Ed Miliband’s speech today was positive, upbeat and well received – far better received than his Maurice Glasman inspired effort of last year (how long ago those days seem now). Miliband sought to flesh out the narrative he’s been pushing since the local elections, and even as far back as Bradford West. He’s bang on the money when he talks about appealing low turnout. He’s bang on the money when he talks about the distance between politics and the lives of ordinary people.
And he’s completely right to argue that only by the Labour Party changing culturally can we change any of that. Having banged on about these issues for close to two years on LabourList, as you can imagine, those messages were music to my ears.
Better still, as I left the hall I heard several other people say likewise. Some of whom are Mili-acolytes, but others who have been scathing about him in the past. Slaves to the old model of Labour campaigning – the race to the bottom, organising a dwindling volunteer base to knock up a dwindling electorate – are now coming around to the idea that a new form of campaigning is necessary. The alternative is the persistent extent entail threat to mainstream party politics that is disengagement and poor turnout.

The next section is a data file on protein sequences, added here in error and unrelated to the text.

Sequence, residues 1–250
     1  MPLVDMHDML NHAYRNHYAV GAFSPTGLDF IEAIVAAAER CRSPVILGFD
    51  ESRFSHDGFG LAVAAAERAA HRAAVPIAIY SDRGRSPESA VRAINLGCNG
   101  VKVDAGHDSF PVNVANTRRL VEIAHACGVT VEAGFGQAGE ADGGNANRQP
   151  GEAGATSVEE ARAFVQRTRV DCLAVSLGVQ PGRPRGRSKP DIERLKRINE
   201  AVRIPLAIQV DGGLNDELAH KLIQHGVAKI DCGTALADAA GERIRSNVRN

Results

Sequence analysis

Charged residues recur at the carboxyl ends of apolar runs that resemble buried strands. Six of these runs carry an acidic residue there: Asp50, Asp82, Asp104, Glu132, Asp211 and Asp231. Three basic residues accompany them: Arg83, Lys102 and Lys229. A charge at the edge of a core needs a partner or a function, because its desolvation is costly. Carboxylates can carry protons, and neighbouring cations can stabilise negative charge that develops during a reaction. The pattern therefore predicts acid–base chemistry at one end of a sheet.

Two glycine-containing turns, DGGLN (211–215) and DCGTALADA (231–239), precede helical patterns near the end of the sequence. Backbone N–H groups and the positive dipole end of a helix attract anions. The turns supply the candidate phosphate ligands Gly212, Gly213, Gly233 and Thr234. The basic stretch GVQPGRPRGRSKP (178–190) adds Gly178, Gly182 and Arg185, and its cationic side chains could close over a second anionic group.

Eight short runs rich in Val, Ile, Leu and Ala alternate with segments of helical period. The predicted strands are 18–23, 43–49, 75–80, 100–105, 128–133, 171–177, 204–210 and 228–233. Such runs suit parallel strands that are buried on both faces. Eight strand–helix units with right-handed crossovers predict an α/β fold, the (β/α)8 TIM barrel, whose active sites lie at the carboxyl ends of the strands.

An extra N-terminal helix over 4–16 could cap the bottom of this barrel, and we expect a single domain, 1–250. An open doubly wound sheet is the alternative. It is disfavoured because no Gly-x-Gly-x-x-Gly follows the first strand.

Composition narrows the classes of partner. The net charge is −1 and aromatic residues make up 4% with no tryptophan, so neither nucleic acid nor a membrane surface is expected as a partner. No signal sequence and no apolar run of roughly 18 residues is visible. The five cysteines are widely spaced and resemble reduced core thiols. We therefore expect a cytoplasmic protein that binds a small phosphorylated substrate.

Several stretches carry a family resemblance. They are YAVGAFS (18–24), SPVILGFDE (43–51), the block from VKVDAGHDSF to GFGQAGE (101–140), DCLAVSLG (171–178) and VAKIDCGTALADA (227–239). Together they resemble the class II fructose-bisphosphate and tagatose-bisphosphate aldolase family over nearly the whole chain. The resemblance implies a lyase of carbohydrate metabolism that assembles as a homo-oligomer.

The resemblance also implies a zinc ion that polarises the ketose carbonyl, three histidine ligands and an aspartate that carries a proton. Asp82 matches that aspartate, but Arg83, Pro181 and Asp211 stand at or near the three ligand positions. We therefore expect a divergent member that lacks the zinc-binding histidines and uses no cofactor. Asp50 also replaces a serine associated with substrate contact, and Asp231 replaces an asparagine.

Thats’s not alternative at all.
Yet what’s frustrating is that whilst Miliband seems to have turned his focus in recent weeks back onto the party change narrative that served him so well in the leadership contest, there’s still an element of timidity at play. I asked him at the end of today’s speech what this all means, in tangible terms, in CLPs like my own. He argued, rightly as I can attest from experience, that have candidates selected early and organisers in place helps win elections. That’s a truism. He went on to say that we need more candidates in place, and more organisers. But he didn’t say where, how or when. Or how many. These are crucial questions, the answers to which will show whether Miliband is really serious about creating a different politics, or whether this is another rebranding exercise.
For the sake of the party, the country – and for Ed’s leadership – it needs to be the former. We’ve had far too many of the latter.